The Agreement That Made St. Paul, Minn., a Haven For Criminals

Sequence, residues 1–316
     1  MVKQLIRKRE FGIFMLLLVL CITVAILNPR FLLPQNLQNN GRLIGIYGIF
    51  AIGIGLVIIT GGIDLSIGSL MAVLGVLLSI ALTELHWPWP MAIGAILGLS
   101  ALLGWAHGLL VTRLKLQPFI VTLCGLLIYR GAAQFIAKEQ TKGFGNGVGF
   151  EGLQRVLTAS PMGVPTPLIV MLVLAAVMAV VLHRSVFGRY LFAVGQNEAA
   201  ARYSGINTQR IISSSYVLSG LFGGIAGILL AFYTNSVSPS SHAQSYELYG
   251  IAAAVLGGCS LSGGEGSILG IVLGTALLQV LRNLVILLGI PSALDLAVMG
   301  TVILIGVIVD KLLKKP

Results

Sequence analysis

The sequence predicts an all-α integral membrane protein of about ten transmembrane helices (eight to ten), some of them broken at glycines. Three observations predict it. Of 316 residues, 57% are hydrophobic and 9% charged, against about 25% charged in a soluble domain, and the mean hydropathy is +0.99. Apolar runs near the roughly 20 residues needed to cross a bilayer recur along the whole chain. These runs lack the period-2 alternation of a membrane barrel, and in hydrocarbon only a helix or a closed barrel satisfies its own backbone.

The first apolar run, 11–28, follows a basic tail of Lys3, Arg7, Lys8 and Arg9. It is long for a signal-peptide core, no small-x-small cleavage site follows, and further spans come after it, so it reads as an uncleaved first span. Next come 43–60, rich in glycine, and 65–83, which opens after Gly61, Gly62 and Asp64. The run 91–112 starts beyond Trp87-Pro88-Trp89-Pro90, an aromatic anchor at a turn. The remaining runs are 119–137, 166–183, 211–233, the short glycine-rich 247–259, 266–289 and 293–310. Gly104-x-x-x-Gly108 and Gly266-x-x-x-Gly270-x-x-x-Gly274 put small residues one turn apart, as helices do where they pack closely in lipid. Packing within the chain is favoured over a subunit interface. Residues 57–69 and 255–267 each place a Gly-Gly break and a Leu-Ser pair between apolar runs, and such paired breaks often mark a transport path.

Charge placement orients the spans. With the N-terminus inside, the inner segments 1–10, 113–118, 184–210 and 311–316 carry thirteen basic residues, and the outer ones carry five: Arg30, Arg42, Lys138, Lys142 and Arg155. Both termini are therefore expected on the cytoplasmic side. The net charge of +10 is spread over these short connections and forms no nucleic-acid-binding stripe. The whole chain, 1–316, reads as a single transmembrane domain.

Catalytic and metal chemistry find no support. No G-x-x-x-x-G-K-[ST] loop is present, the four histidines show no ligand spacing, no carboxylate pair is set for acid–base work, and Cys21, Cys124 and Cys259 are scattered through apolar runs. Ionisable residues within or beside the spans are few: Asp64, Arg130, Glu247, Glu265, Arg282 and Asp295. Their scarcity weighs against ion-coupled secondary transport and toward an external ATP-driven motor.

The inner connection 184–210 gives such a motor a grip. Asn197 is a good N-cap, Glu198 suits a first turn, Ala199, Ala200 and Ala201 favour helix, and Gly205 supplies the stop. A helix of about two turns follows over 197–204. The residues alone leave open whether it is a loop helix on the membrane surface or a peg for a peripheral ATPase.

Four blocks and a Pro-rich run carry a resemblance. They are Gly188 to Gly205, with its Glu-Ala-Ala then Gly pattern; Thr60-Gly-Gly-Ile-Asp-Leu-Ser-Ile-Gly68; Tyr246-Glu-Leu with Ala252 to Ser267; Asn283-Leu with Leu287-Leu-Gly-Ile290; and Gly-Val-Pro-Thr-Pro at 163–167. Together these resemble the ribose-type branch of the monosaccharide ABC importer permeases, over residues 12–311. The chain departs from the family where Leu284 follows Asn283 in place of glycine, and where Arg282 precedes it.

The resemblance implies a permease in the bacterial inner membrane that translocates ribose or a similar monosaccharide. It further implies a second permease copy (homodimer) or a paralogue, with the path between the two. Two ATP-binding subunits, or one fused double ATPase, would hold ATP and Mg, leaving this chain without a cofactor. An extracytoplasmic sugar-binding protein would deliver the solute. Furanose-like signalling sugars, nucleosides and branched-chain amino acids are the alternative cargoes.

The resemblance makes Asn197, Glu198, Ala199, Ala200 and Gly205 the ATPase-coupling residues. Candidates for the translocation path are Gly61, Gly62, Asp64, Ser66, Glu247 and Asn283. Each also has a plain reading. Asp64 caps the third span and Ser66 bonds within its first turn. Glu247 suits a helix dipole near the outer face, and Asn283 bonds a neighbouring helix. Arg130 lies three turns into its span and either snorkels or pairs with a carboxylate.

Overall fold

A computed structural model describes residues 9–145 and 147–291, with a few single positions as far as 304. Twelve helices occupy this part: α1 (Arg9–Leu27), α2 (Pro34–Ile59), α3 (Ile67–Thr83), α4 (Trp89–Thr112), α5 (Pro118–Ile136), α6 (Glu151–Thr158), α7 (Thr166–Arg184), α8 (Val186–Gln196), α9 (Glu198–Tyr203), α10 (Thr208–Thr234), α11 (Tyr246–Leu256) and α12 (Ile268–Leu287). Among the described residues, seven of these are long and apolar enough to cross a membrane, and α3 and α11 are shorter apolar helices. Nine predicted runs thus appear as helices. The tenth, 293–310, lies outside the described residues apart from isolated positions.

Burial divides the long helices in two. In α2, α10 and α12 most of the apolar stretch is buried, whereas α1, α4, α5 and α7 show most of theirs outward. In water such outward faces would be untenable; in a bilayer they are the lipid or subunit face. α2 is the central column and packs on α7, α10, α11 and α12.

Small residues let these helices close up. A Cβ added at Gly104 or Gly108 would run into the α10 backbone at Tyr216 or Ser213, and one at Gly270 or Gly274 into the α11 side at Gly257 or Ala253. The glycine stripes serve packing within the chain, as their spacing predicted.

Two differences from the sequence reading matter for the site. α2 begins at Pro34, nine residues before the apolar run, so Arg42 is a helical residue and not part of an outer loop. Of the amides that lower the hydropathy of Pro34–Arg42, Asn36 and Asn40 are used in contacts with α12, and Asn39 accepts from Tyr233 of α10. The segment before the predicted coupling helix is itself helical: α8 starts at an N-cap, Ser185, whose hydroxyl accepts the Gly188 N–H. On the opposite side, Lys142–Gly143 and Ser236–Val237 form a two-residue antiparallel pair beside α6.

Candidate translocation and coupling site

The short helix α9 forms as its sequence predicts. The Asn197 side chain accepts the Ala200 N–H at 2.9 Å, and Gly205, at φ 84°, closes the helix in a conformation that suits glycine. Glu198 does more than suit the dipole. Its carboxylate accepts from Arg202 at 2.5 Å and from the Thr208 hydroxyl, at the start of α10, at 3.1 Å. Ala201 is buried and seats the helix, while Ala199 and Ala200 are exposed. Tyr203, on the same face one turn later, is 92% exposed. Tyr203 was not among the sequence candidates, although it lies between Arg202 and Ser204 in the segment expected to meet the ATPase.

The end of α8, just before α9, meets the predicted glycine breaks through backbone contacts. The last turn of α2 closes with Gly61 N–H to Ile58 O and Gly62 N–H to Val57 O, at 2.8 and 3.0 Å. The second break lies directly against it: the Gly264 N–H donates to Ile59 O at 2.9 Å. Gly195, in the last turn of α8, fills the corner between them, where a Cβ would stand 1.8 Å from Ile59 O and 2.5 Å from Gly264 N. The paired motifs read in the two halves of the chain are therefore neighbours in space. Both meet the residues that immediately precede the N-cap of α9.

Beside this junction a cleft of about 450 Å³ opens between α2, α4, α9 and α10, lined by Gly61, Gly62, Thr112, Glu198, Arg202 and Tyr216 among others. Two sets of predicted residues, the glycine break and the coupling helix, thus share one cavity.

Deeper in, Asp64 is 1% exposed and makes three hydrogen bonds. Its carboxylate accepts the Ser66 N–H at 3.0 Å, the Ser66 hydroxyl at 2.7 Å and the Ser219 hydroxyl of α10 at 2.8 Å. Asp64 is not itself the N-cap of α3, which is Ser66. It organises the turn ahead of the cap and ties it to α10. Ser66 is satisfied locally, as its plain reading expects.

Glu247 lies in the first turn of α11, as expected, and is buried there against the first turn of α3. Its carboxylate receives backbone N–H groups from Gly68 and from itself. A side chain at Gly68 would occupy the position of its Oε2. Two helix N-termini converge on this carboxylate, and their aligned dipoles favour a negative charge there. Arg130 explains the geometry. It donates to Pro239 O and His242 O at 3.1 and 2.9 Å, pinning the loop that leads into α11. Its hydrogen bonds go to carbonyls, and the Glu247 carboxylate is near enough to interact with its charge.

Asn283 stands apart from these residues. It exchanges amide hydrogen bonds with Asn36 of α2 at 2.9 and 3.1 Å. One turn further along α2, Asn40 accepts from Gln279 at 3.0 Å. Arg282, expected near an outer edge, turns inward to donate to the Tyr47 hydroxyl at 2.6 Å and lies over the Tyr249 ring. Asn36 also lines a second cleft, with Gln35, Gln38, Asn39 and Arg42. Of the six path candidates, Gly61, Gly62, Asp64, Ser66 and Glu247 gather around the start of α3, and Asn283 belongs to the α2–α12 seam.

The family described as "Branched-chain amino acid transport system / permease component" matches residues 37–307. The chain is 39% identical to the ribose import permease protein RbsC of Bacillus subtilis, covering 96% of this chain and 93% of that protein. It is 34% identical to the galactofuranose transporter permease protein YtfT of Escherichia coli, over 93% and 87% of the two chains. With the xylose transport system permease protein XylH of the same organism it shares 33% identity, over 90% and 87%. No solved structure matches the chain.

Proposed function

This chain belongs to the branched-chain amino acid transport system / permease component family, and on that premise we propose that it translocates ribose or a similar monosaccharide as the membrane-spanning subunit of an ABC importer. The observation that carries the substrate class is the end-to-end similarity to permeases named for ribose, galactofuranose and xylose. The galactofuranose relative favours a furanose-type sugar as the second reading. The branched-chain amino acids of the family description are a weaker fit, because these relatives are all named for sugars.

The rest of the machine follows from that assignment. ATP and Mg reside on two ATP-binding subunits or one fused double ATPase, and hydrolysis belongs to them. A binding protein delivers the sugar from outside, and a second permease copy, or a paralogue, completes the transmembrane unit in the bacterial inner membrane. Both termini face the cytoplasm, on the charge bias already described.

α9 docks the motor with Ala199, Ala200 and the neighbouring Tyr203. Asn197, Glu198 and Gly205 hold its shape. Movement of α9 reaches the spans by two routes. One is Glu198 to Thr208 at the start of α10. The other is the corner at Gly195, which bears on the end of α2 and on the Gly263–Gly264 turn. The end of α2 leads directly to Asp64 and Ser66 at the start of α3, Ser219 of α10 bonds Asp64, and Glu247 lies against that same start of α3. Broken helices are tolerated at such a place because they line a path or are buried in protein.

After becoming police chief of St. Paul, Minn., in 1900, John O’Connor (inset) reorganized the police force and gave himself nearly absolute power. He then reached out to criminals throughout the Midwest, letting them know that St. Paul was a safe place for them. In what he called the "layover agreement," O'Connor promised that the police would disregard offenders who performed their deeds beyond St. Paul, as long as they remained law-abiding while in they were in the city. To accomplish his plan, O’Connor required a liaison from within the criminal ranks to keep an eye on his peers. William “Reddy” Griffin was the first keeper of O’Connor’s system. After arriving in town and meeting with the police, criminals stopped to “check in” with Griffin at the Hotel Savoy in downtown St. Paul. Among his many duties, Griffin collected bribes and brought the money to O’Connor. When Griffen died of a stroke in 1913, “Dapper” Dan Hogan took over his role. Thanks to the layover agreement, St. Paul in the first half of the 20th century became a refuge for many of the most notorious gangsters of modern American history, including John Dillinger, Ma Barker and her boys, and Babyface Nelson. The layover agreement remained in force as long as criminals stayed in the city and bribes flowed to corrupt city officials. O’Connor retired from the police force on May 29, 1920. A car bomb killed Hogan on December 4, 1928; his murder remains unsolved. In 1935, soon after the FBI moved in, O'Connor's layover agreement ended, with many of the city's police force being arrested and convicted of corruption. The old guard was gone, and the new guard made sure that O’Connor’s layover system didn’t return.